What is one of the first pieces of advice on the internet for when your brand new, (maybe) shiny K40 laser cutter shows up? Install interlock switches!
What is an interlock switch? Basically just a switch (in our case, a microswitch), that is mounted near the lids of the machine. If the machine is running and you lift up any of the lids, the switch will disengage and cut power to the machine. The functional concept is extremely similar to an emergency stop button, except you don't, need to press anything.
So as I patiently researched which machine I would buy, I also was building up a list of upgrades that were going to happened before the laser ever turned on. Safety first! The main problem I discovered about installing interlock switches is that there isn't too many good guides that are (1) simple; (2) written for non-electrical engineers; (3) have good documentation.
So this guide is for all the people out there that want a 100% effective, quick, and safe way to wire up interlock switches for your K40 laser.
- (3) End-Stop Style Microswitches — Commonly found on 3D printers, especially Prusa kits. You can in theory just use plain jane microswitches, but I decided to spend the 5-6 bucks to get these that are mounted on the boards and come wired ready to go. Also, Don from Don's Laser Cutter Things, has a schematic for an end-stop switch that has some more components on it. Honestly, not sure why, but I'm rolling with Don.
- Small, Blank PCB — I happened to have one of these Adafruit ones laying around that I used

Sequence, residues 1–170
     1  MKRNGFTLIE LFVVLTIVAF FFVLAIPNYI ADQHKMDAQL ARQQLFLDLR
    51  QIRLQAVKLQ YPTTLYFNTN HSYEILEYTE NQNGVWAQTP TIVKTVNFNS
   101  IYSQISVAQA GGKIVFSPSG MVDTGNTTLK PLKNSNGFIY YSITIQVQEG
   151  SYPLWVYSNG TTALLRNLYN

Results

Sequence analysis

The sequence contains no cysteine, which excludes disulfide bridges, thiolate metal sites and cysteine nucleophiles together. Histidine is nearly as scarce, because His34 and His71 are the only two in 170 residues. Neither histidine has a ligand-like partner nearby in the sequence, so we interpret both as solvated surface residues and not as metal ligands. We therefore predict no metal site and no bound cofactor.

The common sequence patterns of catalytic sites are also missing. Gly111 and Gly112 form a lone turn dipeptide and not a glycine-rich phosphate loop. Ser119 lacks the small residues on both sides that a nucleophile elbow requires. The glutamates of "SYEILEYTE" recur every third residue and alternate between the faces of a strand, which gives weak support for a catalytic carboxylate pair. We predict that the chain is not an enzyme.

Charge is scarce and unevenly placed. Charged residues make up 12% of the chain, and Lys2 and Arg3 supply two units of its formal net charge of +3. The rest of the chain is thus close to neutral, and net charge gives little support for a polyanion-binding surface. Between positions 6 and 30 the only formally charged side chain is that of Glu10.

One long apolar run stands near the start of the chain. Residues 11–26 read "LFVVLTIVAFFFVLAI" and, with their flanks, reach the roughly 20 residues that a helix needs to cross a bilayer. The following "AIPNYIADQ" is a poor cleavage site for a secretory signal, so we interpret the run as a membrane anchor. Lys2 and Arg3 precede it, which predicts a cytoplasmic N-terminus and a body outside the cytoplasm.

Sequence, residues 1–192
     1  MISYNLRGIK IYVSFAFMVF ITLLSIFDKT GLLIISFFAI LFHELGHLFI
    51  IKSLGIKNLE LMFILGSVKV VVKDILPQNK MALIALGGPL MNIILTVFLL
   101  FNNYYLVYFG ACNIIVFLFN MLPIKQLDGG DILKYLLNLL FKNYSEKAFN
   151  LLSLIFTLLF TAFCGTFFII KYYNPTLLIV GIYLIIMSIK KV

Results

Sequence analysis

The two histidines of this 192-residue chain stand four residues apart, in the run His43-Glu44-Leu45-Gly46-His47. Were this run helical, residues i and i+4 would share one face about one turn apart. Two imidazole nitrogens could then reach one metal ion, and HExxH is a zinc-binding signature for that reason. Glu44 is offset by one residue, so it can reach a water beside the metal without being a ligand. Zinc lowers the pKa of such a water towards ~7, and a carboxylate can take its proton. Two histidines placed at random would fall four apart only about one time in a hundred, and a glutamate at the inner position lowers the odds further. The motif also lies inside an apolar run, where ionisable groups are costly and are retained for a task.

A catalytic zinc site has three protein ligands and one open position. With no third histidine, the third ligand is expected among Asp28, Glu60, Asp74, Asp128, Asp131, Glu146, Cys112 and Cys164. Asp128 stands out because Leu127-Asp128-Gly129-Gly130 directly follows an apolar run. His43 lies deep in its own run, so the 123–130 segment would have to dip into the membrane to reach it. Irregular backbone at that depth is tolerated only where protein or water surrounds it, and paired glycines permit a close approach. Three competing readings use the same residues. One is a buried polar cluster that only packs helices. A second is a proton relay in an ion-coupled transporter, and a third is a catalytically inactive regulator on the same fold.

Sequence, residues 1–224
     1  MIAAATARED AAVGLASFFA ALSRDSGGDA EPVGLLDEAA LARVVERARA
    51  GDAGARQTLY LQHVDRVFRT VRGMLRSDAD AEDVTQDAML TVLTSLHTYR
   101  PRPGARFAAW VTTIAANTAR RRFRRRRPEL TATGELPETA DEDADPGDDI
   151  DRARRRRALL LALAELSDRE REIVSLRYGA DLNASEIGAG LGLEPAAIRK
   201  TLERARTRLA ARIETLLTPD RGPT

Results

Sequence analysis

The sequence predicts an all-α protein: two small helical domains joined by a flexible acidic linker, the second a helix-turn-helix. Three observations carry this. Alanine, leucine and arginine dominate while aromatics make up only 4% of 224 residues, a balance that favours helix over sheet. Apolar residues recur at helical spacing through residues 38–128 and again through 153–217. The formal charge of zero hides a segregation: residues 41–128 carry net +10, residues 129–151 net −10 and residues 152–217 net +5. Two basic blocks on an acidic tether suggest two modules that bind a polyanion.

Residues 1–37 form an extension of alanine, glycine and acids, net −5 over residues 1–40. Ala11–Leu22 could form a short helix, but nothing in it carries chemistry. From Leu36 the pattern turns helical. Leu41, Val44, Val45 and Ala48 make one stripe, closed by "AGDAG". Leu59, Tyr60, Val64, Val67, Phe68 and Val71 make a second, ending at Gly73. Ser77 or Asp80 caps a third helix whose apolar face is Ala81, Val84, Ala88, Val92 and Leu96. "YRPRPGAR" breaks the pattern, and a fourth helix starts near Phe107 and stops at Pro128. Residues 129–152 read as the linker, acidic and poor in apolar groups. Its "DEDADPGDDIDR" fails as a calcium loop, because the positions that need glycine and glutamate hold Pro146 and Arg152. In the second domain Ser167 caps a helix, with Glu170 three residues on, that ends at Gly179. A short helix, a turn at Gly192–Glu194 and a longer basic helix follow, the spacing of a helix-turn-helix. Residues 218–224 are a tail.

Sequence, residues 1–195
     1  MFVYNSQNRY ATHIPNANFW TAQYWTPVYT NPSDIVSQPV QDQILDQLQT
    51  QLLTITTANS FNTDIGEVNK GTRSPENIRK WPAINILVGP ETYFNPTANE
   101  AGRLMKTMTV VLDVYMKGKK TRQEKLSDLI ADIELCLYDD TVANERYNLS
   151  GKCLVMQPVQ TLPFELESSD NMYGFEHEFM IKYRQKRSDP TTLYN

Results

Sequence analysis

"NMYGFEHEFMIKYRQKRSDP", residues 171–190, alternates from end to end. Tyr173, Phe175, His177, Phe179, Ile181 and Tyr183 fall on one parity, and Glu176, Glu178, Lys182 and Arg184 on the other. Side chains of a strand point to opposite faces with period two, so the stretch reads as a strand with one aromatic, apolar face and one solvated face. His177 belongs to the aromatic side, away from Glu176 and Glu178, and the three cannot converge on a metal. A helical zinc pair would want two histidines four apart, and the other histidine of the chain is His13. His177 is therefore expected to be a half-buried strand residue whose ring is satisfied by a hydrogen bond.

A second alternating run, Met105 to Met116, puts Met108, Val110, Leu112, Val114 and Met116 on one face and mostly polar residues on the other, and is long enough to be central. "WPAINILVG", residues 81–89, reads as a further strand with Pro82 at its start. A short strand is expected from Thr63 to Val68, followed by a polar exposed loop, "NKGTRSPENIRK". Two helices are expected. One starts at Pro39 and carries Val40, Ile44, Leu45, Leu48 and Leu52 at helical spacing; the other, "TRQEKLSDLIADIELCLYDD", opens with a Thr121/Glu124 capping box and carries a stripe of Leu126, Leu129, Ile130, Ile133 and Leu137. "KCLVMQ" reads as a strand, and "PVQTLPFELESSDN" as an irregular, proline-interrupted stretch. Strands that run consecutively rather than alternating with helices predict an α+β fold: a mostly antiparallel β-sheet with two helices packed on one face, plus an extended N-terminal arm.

- Jumper Wire — I like getting solid core wire for these
- Male Header Pins
- 2 Pin Screw Terminal Mount – In general, when I get to the making the PCB section, you can substitute these things for whatever you prefer or have on hand.
- 3M Mounting Tape (you can always drill holes and bolt the switches on)
- Heat Shrink Tubing (optional, but do yourself a favor and get some)
- Soldering Iron (you could probably pull this off without one, but come on, you will need one soon enough if you bought yourself a K40)
- Wire Strippers, Wire Cutters, Needle Nose Pliers (when don't you need these things??)
- Screw driver
ONE IMPORTANT FINAL NOTE!
My machine came with an emergency stop switch, which I am going to be tapping into for our wiring, which also makes it very easy. If you don't have an e-stop, you'll have to proceed at your own risk in terms of slicing the positive wire that runs into the power switch. Easy enough, but I won't be showing that.
Step 1: Step 1: Understanding How the Interlocks Will Be Wired
Alright, so let's get going with the electrical.
Our methods for installing interlock switches will be to tap into the emergency stop button on the machine. My crude post-it note drawings explain.
We are going to...
- Take off the wire going into the e-stop from the PSU
- Run that wire into one of our interlock switches
- Run wire between each switch (parallel) so each switch, including the e-stop, will need to be closed in order for the machine to work.